[Beowulf] propagation velocity in cables

Vincent Diepeveen diep at xs4all.nl
Wed Sep 5 16:43:39 PDT 2012

hi Jim,

Thanks for a more technical explanation. Difficult to interpret for  
me though.
The 1/3 speed someone gave to me some years ago.

Litterally quote : "electrons move at 1/3 of the lightspeed through  

Maybe signal speed is not the same like electron speed?

Would be very interesting if he said that wrong, as he has a degree  
here, Phd cum laude in Natural Science and he
improved something or better disproved something that has to do with  
quantum mechanics or something, basically
he calculates everything about particles such as 'electrons' (my words),
so i didn't verify all this, yet assumed what he said.

The most important question: what is the effective speed of signals  
through ocean cables?

We can safely assume they use fastest speed for this.

When i drove past that financial industry bunker in Land's End it  
seemed pretty solid to me.

The interesting question is that big satellite disk on the roof as well.
Microwave is simply civil allowed frequency i was told. Around  
2800Mhz or so?
How fast is such communication?

Using a powerful laser would it somehow be possible to rival speeds  
of these cables?

On Sep 6, 2012, at 1:18 AM, Lux, Jim (337C) wrote:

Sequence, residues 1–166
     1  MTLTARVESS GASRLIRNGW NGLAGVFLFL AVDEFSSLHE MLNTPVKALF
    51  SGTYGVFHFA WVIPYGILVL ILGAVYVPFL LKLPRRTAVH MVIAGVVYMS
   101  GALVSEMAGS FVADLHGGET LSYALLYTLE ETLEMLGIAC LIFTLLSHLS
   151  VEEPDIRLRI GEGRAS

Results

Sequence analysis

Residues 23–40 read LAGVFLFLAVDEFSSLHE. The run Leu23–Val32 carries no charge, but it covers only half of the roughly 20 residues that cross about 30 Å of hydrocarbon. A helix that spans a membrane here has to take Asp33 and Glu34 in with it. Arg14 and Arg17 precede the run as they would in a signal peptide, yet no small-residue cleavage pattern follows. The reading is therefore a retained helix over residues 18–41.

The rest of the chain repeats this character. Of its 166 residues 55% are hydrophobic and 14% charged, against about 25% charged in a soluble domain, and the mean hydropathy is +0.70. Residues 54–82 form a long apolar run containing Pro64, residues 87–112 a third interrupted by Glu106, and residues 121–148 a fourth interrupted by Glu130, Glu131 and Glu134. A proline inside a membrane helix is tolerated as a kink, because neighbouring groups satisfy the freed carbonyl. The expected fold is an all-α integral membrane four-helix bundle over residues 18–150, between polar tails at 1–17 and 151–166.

> Propagation speed in copper is not 1/3 freespace.  More like 2/3 or  
> 80%, depending on the effective permittivity of the dielectric.  (c  
> = c0/sqrt(epsilonr))  Cat 5 is typically about 68% of free space.  
> Foam dielectric coaxial cable is typically 81%  LMR-400 coaxial  
> cable is 85%.  There are air filled coax which get up to 90-92%,  
> and open wire line (like old telephone cables on poles) is around 95%
> For single mode optical fiber, n=1.62 for the core (1.52 for  
> cladding), so propagation speed is c0/1.62 or about 62% free space.
> Note that copper is faster than optical.
> People are setting up freespace microwave links for just this reason.
> Jim Lux
> C = 300k kilometers an hour.
> 300k / 3.6 meters a second
> 300 / 3.6 meters a millisecond
> 0.3 / 3.6 meters a microsecond
> 12 meters a microsecond
> Now i don't know whether signals travel through fiber at the full  
> lightspeed, as that's pretty important.
> In Copper it's roughly 1/3 lightspeed or so, so that's out of the  
> question to use.
> So saving some distance knowing 12 meters is a microsecond, that's  
> worth it.

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